SQL Server with Mr. Denny

Jul 12 2011   2:00PM GMT

Database %d was shutdown due to error 9002 in routine ‘HeapPageRef::Update’.

Denny Cherry Denny Cherry Profile: Denny Cherry

So I hit the error in the title the other night while converting a heap to a clustered index on a production system.  After this error poped up, some other nasty stuff showed up in the error log, which I’ve included below.

Error: 9002, Severity: 17, State: 4.
The transaction log for database ‘%d’ is full. To find out why space in the log cannot be reused, see the log_reuse_wait_desc column in sys.databases
Database %d was shutdown due to error 9002 in routine ‘HeapPageRef::Update’. Restart for non-snapshot databases will be attempted after all connections to the database are aborted.

Error: 3314, Severity: 21, State: 4.
During undoing of a logged operation in database %d, an error occurred at log record ID (99:4216:617). Typically, the specific failure is logged previously as an error in the Windows Event Log service. Restore the database or file from a backup, or repair the database.

Error: 9001, Severity: 21, State: 5.
The log for database %d is not available. Check the event log for related error messages. Resolve any errors and restart the database.

Error: 3314, Severity: 21, State: 4.
During undoing of a logged operation in database %d, an error occurred at log record ID (99:4216:617). Typically, the specific failure is logged previously as an error in the Windows Event Log service. Restore the database or file from a backup, or repair the database.

Error: 9001, Severity: 21, State: 1.
The log for database %d is not available. Check the event log for related error messages. Resolve any errors and restart the database.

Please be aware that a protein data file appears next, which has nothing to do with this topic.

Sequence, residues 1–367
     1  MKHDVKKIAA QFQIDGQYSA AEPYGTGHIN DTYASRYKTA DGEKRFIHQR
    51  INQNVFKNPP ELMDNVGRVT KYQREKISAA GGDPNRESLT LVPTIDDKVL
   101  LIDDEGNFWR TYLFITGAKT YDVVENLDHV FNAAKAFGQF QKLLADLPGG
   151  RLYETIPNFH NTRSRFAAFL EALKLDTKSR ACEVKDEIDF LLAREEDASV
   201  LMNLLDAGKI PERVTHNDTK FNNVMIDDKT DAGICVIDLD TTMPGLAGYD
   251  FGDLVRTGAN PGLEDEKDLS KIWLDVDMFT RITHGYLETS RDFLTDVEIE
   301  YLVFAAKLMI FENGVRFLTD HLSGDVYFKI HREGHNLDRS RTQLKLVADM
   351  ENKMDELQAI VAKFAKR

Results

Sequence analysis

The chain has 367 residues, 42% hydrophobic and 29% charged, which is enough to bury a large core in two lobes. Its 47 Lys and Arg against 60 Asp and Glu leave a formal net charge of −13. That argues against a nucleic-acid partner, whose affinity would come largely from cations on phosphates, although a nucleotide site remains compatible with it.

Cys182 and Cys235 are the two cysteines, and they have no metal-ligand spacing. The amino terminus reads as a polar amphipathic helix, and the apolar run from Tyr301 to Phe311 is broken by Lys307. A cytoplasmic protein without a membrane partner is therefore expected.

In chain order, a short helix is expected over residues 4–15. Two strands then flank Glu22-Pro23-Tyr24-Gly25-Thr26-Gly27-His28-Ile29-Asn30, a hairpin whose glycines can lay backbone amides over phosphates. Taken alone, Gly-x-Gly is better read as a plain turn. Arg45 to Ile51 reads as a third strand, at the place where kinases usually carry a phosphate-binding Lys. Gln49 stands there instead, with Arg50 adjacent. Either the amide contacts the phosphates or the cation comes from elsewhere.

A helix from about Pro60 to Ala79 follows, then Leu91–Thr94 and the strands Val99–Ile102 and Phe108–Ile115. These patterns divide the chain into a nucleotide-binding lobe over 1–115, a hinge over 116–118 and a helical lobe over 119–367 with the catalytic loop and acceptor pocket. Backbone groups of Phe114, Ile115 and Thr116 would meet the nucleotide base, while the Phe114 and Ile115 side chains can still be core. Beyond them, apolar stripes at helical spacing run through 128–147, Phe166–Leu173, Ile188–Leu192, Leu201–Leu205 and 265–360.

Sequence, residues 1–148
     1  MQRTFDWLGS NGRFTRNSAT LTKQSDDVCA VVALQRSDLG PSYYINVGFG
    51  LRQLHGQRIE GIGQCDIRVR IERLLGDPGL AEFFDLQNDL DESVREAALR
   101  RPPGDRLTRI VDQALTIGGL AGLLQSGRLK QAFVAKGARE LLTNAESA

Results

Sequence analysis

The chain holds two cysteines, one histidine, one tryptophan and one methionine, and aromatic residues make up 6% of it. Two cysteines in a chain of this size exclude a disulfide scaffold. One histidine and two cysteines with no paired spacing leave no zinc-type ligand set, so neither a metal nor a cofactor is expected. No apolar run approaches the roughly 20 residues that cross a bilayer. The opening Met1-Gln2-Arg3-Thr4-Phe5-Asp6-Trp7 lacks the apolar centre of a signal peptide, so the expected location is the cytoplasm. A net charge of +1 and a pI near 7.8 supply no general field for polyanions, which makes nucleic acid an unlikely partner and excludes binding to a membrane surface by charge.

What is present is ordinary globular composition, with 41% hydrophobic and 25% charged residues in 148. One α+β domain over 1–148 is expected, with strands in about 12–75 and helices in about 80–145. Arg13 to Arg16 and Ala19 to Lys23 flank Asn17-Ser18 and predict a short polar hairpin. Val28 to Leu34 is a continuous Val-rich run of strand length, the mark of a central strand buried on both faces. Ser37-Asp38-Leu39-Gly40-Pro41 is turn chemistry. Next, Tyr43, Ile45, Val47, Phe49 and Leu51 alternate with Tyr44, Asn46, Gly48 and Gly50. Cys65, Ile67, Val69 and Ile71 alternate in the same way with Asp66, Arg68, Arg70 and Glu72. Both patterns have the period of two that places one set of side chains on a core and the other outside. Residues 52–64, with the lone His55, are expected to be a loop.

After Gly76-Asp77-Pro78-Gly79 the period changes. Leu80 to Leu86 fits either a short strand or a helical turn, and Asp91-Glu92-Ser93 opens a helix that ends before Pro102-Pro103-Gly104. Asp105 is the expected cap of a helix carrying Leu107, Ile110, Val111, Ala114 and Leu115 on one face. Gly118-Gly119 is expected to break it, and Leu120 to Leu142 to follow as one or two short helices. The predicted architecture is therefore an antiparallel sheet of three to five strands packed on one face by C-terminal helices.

Error: 3314, Severity: 21, State: 5.
During undoing of a logged operation in database %d, an error occurred at log record ID (87:9933:1). Typically, the specific failure is logged previously as an error in the Windows Event Log service. Restore the database or file from a backup, or repair the database.

At this point crash recovery ran and the database started back up.

The first error is that the log filled up, followed by the nasty part.

The good part is that this is going to be a pretty rare problem to run into.  This will only happen on update operations on a heap, or adding a clustered index to a heap and you run out to transaction log space.  The reason that this can happen is that updates against a heap and clustered index operations are a two phase operation.  First deletes of the old rows is done, then an insert of the new rows is done.  When the insert of the new rows is started an internal flag is set which states that the insert operation is a “must complete” operation.  When an unexpected error happens between the delete operation and the subsequent insert operation, the database is taken offline as a precautionary measure to ensure consistency and prevent concurrent operations to the record that was being modified.

The downside to this problem, is that it can show it’s ugly face in SQL Server 2008 and SQL Server 2008 R2 and there is no fix available for it in either version.  The only way to fix the problem is to change the table from a heap to a clustered index or to add more transaction log space.

I have been told that this has been fixed in SQL Server “Denali” as “Denali” will handle the heap updates differently than prior versions.  If you have SQL Server 2005 you shouldn’t see this problem.

In my case the problem was solved by letting the database come back online, and creating the clustered index.  My database was in simple recovery mode so after recovery the log was marked for reuse automatically meaning that there was enough room in the transaction log for the operation to create the clustered index to complete.

If you run into this problem, hopefully this helps explain what is happening and why.

Denny

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